Blue Light & Eye Health: Everything You Need to Know
On average, American adults experience about 10.5 hours of screen time a day via cell phones, tablets, televisions, and computer screens (both at home and in the office), and other devices. Thanks to many of our favorite tech gadgets, the daily amount of blue light exposure has skyrocket in recent years.
As our relationships to blue light-emitting tech and devices continue to develop, more and more people are looking to understand the relationship between blue light exposure and macular health.
Is all of this screen time literally affecting the way that our eyes, brains, and bodies experience the world?
A growing body of research has suggested that the answer to this question may be “yes.”
What is blue light and how can it affect the human body?
In case it’s been a few years since your last high school physics class – light (regardless of type) is made up of electromagnetic particles. These particles get around by traveling in waves and as they travel, they emit energy. As a rule, a shorter wavelength means more energy will be emitted.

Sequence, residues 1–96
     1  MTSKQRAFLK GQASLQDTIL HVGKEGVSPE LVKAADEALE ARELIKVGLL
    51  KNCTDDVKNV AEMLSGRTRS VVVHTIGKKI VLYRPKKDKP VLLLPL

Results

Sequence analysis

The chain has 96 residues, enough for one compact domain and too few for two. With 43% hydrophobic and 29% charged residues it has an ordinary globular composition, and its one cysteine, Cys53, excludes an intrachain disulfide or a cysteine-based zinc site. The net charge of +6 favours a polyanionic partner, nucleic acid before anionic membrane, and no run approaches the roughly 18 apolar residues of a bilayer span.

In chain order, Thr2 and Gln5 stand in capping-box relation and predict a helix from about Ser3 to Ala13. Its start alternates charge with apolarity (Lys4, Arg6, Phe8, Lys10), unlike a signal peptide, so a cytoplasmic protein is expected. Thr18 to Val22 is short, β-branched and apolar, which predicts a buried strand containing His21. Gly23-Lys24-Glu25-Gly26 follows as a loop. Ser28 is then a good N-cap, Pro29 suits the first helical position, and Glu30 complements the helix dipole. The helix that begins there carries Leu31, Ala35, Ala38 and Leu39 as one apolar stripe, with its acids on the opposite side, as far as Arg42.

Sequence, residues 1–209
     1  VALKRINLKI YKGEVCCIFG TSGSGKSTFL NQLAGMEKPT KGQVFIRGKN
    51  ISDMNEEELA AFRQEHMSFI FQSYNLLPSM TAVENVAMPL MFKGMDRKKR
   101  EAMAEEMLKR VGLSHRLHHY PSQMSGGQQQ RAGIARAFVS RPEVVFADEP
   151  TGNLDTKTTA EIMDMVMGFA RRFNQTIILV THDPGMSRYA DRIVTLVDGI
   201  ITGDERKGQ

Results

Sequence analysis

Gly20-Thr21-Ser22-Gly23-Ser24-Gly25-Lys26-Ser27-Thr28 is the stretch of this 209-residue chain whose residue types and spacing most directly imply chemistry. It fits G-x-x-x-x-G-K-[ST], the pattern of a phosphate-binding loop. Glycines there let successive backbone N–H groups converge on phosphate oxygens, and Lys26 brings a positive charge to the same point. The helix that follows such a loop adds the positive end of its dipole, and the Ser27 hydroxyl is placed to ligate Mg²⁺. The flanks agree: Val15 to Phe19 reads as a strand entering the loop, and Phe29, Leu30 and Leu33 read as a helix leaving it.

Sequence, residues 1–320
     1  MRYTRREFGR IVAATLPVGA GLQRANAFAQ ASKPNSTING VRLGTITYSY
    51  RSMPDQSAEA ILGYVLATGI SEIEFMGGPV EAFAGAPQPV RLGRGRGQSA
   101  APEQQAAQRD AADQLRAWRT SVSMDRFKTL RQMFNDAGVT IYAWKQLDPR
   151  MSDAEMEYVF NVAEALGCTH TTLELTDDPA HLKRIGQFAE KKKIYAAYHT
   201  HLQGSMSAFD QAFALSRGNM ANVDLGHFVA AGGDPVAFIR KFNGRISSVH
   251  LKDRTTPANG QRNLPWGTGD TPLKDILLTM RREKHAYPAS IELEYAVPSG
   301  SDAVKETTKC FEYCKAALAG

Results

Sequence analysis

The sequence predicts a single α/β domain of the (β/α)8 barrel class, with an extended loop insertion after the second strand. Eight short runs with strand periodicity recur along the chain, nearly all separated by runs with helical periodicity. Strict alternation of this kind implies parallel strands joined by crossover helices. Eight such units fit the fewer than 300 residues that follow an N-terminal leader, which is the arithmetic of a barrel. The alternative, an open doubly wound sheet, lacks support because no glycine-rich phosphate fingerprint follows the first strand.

Unlike like the longer kinds of light that are visible to the human eye that are generally recognized as “beneficial light” (think back to elementary school and the visible colors of the rainbow “ROYGBIV”), many of the varieties of light with shorter wavelengths aren’t visible to the human eye and are sometimes categorized as “harmful light.”
Unfortunately, blue light – falls into this second category. Arguably, this places spending long periods of time starring at your phone’s screen in the same category as glancing up and getting too much direct sunlight 
As people spend more time on their blue light-emitting devices, members of the scientific and medical communities have raised concerns about the possible long-term effects of this exposure on both adults and children.
In a recent study conducted by the Harvard Medical Center, researchers compared the effects of blue light exposure to those of other kinds of light on adults. The results showed that participants who were exposed to blue light were twice as likely to experience lower/suppressed melatonin levels and experience shifts in their circadian rhythms (two key components in how our body’s manage sleep).  These two of many potential effects of prolonged blue light exposure.
As blue light enters the eye, it passes through the cornea and reaches the retina – one of the most sensitive and important parts of the eye – at which point it has the ability to cause strain, fatigue, and induce premature aging.
Among long-term effects, two of the most common categories of eye strain that can be induced by blue light are:
- Digital Eyestrain – Typically manifests as soreness, irritation, and difficulty focusing.
- Retina Damage – Type of macular degeneration most commonly associated with age.